Deciding whether or not to tell your employer and colleagues about your mental health problem can be difficult.

Some people say being able to talk openly with their employer has really helped them. Others may not agree.

Some tips if you decide to tell your employer:

  • Remember you are not alone – one in three have experienced mental health problems while in employment but with the right support many people can balance their health with the demands of a job.
  • It’s your choice – disclosure of mental health issues at work is a personal choice, and you can say as much or as little as you want. If you need more support, being open can help you get it.
  • Request a one-to-one meeting with your manager – Get some private time where you can discuss your mental health, how it relates to your work, and what might help you manage your health so you can perform well.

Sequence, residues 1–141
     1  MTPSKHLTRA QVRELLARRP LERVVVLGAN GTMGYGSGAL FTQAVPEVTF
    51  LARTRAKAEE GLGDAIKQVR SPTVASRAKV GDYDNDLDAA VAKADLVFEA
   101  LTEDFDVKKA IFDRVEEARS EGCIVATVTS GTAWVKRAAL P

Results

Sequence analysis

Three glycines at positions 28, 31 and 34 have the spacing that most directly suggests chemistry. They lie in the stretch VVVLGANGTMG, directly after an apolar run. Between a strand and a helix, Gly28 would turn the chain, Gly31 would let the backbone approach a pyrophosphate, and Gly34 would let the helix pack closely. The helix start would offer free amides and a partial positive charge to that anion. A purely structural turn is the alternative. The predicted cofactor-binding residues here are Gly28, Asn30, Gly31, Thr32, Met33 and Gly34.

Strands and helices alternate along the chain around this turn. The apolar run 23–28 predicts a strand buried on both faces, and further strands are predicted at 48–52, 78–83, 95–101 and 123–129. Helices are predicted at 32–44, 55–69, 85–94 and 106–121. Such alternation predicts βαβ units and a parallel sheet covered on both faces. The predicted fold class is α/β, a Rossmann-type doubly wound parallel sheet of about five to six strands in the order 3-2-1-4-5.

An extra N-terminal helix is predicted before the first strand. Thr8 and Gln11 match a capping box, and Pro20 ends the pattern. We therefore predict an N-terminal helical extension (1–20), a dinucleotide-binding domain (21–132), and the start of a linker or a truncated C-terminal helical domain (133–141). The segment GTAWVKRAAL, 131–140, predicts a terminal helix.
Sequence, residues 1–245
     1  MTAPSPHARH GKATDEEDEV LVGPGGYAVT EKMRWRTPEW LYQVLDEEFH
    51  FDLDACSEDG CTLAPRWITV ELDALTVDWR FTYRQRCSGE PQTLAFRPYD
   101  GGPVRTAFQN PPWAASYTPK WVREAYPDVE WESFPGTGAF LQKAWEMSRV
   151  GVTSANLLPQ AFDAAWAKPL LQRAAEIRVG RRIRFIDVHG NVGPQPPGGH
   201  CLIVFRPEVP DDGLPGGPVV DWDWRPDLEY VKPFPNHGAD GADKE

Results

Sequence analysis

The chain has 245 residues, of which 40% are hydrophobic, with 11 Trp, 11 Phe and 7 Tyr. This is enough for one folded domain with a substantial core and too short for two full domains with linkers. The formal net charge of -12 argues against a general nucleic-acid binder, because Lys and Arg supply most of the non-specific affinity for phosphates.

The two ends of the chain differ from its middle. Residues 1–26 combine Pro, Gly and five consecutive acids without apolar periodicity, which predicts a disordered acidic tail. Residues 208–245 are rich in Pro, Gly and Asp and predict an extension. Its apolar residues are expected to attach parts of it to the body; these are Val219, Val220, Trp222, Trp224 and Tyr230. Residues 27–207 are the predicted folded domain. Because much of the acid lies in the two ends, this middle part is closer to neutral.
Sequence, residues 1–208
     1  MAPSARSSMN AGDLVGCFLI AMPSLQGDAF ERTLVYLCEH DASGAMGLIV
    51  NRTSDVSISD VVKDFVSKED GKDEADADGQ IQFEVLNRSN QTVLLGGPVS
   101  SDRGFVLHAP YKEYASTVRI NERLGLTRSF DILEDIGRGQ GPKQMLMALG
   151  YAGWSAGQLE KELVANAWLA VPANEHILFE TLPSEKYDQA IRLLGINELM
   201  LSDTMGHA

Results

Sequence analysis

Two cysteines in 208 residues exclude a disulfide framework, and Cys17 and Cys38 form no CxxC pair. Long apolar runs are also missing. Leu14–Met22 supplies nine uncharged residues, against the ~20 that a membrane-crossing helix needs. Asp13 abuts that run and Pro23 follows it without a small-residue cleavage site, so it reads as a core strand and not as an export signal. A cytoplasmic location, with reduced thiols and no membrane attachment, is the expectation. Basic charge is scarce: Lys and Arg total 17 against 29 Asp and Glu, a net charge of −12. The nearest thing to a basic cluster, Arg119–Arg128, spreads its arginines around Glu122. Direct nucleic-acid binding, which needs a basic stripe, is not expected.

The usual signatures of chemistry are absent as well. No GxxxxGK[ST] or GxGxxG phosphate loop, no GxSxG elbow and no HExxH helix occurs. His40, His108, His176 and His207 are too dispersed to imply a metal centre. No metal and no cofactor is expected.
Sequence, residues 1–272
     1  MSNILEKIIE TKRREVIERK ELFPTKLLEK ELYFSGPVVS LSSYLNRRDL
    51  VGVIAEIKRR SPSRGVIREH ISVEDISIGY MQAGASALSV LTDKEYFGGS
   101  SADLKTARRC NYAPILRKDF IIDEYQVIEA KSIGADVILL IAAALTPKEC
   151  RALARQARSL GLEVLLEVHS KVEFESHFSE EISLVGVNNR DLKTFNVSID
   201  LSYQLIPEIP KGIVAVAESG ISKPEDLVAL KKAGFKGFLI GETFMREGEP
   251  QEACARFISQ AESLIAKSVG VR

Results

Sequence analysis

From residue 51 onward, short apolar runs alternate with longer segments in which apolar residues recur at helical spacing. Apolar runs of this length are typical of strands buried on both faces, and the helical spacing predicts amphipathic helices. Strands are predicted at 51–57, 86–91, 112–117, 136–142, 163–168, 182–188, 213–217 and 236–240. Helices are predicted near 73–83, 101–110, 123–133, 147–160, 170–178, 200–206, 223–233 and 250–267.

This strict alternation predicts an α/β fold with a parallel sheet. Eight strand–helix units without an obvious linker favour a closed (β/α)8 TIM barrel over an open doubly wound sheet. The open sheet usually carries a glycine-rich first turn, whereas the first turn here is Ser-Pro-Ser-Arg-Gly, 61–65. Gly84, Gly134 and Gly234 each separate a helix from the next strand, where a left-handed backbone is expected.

• Remember you are the expert on your needs – agree a plan of changes with your manager and a time to meet again to discuss whether things have improved. If you’re not sure what might help, try small experimental steps, and make a note of whether they help or not.
  • You have rights – if your boss is unhelpful or dismissive, remember they have legal duties under the Equality Act to make ‘reasonable adjustments’ and not discriminate in recruiting, retaining or promoting staff. Mental health problems are a disability under the Act so you are likely to be protected, but always seek legal advice.

Remember that with the right help people experiencing mental health problems can – and do – stay and perform well at work. You should not be treated badly at work because of your mental health condition. The law states that employers and others should not discriminate. Some areas, such as offering reasonable adjustments, work best if you disclose your mental health condition and then discuss with your employer what changes may help you. If you have a mental health problem that is a disability and you want the protection of the Equality Act, your employer needs to know this.

If you do decide to tell, think about how and when to do it, how much information you want to give, what kind of information and with whom to share it.